Student: Prof lemming, that was a pretty biased left-wing documentary. Why can't you show something unbiased, like from Fox News?
Me: Trust me, when Fox makes a documentary on (relatively obscure topic) I'll show it.

Student: Gee, Mizz lemming, I never bought any of those stories about minorities being beaten up and threatened after 9/11. It must have been all New York Times propaganda.
Me: Um, well, yes, it happened. Even here in Indiana...
Another Student (upon whom may Clio smile): Oh yeah, I knw it did. It even made Fox News. (provides examples)

I've been accused, on more than one occasion, of being "out of touch" because I teach at the university level rather than in junior or senior high school. It's day slike today that make me feel I am truly accomplishing something good and significant, one student at a time. By the end of class I had taught my students useful information about their history, encouraged a thoughtful discussion or six and only ran through three dry-erase markers in the process.

I like days like this.

Wednesday, July 05, 2006

today's saint

Today is the Feast Day of St. Athanasius the Athonite. He is known for founding the famous monastary on the top of Mt. Athos. He doesn't appear to be the patron of much of anything.

You just don't meet very many people named Athanasius. Were I a Roman Catholic, I'd be tempted to pick it as a confirmation name.

Jason266 and his wife welcomed a baby boy this morning - as of his posting, they still didn't have a name. Just my little suggestion... (grins)

Monday, July 03, 2006

anvils, hang-gliders and the like

I've officially asked #2 (upon whom may light shine) for a meeting to "discuss possibilities."

There are no words sufficient to describe my terror. Suffice it that, to cobble a lin from Sylvia Plath, I have been to the bottom, seen its roots, and I am not afraid.

Well, not too much, anyway...

American spoken here

I'm not sure how I feel about the Philly cheese steak shop's Please order in English sign. I'm not at all surprised that the person whom the reporter chose to quote claimed that in the United States we speak "American."

Yes, yes, English as spoken in the United States has its linguistic variations that are its own. Someone from, say, Manchester, could handle walking into a fast food restaurant and ordering a value meal, but might have just as many problems ordering a Philly Sub "wit" as would I.

Saturday, July 01, 2006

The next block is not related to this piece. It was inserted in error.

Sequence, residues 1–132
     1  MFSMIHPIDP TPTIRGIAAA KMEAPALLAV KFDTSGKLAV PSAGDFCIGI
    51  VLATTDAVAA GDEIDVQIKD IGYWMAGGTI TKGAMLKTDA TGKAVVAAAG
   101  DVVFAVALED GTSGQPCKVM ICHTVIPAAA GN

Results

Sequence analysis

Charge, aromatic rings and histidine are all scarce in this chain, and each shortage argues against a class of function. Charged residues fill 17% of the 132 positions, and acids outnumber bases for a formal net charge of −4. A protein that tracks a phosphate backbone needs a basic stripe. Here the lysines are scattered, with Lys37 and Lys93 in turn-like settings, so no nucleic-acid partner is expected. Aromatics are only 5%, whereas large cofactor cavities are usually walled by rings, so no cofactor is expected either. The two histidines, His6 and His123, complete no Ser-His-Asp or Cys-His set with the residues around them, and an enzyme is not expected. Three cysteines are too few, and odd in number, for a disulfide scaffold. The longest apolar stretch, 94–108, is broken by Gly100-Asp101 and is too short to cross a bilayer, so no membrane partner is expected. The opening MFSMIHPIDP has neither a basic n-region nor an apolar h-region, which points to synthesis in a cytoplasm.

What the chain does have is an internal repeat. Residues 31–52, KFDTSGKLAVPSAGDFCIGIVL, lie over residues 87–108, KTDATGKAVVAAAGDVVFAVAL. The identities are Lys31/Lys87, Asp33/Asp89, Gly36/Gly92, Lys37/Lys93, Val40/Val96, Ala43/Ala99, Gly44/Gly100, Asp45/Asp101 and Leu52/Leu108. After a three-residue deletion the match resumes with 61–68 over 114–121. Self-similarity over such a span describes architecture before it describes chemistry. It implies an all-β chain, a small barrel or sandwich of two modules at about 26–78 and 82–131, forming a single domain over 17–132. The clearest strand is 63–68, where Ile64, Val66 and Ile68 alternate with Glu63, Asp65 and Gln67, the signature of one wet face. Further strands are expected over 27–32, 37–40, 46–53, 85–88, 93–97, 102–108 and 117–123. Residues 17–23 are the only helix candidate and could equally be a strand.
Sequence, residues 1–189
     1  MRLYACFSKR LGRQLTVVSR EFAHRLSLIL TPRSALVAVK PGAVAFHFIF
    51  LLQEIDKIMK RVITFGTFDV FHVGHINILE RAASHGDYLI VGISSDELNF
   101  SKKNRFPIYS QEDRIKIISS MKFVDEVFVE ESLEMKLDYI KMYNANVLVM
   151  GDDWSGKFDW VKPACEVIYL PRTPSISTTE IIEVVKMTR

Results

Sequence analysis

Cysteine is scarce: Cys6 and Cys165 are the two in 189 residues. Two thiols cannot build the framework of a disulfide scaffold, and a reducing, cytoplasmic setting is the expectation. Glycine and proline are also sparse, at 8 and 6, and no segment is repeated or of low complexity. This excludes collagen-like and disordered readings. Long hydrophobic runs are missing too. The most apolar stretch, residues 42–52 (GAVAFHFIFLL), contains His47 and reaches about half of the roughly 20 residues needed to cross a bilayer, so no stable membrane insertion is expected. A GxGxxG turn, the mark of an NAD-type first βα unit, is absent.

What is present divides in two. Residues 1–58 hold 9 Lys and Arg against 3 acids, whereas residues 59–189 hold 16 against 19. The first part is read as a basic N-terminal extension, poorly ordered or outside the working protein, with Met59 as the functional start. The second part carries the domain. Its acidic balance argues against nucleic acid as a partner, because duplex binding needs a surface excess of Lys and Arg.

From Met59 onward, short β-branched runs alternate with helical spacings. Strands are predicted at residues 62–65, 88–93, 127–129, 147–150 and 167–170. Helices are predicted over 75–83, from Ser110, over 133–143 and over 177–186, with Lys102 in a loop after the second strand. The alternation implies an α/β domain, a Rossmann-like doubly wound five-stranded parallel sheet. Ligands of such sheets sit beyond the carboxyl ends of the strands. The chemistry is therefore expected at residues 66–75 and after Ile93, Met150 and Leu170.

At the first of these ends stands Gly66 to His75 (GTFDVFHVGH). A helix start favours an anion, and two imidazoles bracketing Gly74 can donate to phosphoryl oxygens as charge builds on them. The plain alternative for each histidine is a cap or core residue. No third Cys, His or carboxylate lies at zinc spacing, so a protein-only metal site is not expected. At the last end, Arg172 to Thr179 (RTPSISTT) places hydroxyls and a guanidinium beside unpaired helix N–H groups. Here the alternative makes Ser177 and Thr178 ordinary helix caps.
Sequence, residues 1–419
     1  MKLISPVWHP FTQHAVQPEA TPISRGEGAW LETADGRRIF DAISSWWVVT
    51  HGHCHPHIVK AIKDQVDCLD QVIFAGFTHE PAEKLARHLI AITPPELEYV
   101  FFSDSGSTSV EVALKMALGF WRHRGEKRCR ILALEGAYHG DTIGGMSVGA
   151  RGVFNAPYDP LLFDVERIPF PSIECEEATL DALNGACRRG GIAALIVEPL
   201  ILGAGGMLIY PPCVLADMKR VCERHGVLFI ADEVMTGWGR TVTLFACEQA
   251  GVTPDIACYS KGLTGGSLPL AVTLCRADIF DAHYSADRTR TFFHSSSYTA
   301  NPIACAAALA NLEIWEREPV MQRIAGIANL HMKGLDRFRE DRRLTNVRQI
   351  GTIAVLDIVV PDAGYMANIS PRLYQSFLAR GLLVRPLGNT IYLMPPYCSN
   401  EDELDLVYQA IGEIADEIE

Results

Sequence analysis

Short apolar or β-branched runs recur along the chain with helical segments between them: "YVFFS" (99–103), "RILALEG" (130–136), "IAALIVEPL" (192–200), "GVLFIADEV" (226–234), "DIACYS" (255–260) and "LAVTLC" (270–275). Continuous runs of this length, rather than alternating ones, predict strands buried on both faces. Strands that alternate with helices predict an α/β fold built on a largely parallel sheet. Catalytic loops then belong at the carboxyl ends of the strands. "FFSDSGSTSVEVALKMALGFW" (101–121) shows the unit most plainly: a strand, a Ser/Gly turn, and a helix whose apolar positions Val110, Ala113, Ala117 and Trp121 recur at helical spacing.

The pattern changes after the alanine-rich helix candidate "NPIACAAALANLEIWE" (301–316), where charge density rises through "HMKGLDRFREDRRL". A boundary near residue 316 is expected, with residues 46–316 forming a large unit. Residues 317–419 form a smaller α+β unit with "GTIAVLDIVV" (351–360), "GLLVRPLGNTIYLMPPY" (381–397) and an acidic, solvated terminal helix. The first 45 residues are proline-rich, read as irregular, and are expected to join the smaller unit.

a nice thought

"Historians like the quiet life. For the most part, they get it."
-Simon Schama

Wednesday, June 28, 2006


I thought so.

Am listening to the news as I write this, and the Archbishop of Canturbury has just released a statement. At base, he's siding with the Africans.


Bearing in mind that the British are far less likely to be practicing church members than the Africans or the Americans... but it's the symbolism that gives his voice clout.

Marilyn, my Marilyn

My summer classroom is a pleasant space as industrial-type classrooms go. It's well lit (yay) and has plenty of dry erase board space. (Chalkboards are just so 20th century.) The students have plenty of space for books, beverages and notebooks and the chairs are surprisingly comfortable.

"All right then, lemming, so what's the problem toward which you seem to be building?"

Well, it's not a problem exactly. I noticed that the room was a trifle warm, not surprising in an Indiana summer. Then I noticed that most of the students in the back row wore sweatshirts. Utilizing the problem-solving skills learned during the course of my liberal arts education, I deduced that the air conditioning vents which were actually on must all be at the back of the room.

During the break, I took a stroll back there - and my skirt flew up in the blast of arctic air coming from the floor vent. Fortunately no one else was there, so I may still pretend to be dignified in front of my class.

Oh, OK, one complaint: I have to bring my own dry-erase markers for the dry erase board.

Monday, June 26, 2006

oh the humanity!

I've been chatting with people, in person and via the Internet, about the visions our new Presiding Bishop-elect will bring to the position and how she might choose to implement them. Most people seem generally positive about Jefferts Schori's qualifications - having an airplane pilot and oceanographer for a bishop delights me - though inevitably the discussion turns to the unity of the greater Anglican Communion.

The Church of England can't seem to decide where it stands on the current arguments. The United States has more than a generation of ordained women within our experience, and if we can ordain women, why not have them as bishops and presiding bishops? Other areas of teh church, the Africans in particular, still oppose the ordination of women and have urged all sorts of penalties for homosexuality, whether among the clergy or otherwise. As I see it (in my own biased way) if a split does happen, the big question will be and is: on which side will the Church of England chose to ally its self?

In discussing this with one person, the conversation moved on to the subject that the African Episcopal clergy are still grappling with trying to eliminate polygamy: the acceptance of homosexuality, however grudging, is unthinkable there due to the social/ cultural/ economic situation. The other person then commented that his concern with Jefferts Schori is that she wants to continue working with AIDS/ HIV issues in Africa. "This is pouring good money down a sieve. I see no point in sending them drugs or working toward curing them with the various therapies available in the West until they change their culture. Why throw away our efforts on people who refuse to change their behaviors? Until the beliefs about the sexual availability of women..."